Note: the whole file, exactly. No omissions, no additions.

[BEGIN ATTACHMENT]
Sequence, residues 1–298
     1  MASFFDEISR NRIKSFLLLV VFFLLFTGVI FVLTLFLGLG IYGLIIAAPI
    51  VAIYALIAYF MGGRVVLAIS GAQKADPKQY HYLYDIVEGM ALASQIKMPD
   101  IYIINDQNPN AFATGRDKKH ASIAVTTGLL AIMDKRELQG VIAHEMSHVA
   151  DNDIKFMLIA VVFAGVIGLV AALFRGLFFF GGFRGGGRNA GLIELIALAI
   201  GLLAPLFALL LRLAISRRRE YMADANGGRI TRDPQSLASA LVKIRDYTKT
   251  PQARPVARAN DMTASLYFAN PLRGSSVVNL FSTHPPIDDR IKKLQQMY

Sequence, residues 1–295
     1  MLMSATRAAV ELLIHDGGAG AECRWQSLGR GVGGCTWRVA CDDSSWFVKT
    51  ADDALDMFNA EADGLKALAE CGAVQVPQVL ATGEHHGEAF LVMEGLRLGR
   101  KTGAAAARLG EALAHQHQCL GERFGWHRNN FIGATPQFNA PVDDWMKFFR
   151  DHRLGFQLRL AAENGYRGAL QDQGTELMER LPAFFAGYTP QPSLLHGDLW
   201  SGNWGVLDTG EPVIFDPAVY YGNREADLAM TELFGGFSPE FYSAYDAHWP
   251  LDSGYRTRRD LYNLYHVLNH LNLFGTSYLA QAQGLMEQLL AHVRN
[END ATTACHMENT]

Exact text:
Sequence, residues 1–298
     1  MASFFDEISR NRIKSFLLLV VFFLLFTGVI FVLTLFLGLG IYGLIIAAPI
    51  VAIYALIAYF MGGRVVLAIS GAQKADPKQY HYLYDIVEGM ALASQIKMPD
   101  IYIINDQNPN AFATGRDKKH ASIAVTTGLL AIMDKRELQG VIAHEMSHVA
   151  DNDIKFMLIA VVFAGVIGLV AALFRGLFFF GGFRGGGRNA GLIELIALAI
   201  GLLAPLFALL LRLAISRRRE YMADANGGRI TRDPQSLASA LVKIRDYTKT
   251  PQARPVARAN DMTASLYFAN PLRGSSVVNL FSTHPPIDDR IKKLQQMY

Sequence, residues 1–295
     1  MLMSATRAAV ELLIHDGGAG AECRWQSLGR GVGGCTWRVA CDDSSWFVKT
    51  ADDALDMFNA EADGLKALAE CGAVQVPQVL ATGEHHGEAF LVMEGLRLGR
   101  KTGAAAARLG EALAHQHQCL GERFGWHRNN FIGATPQFNA PVDDWMKFFR
   151  DHRLGFQLRL AAENGYRGAL QDQGTELMER LPAFFAGYTP QPSLLHGDLW
   201  SGNWGVLDTG EPVIFDPAVY YGNREADLAM TELFGGFSPE FYSAYDAHWP
   251  LDSGYRTRRD LYNLYHVLNH LNLFGTSYLA QAQGLMEQLL AHVRN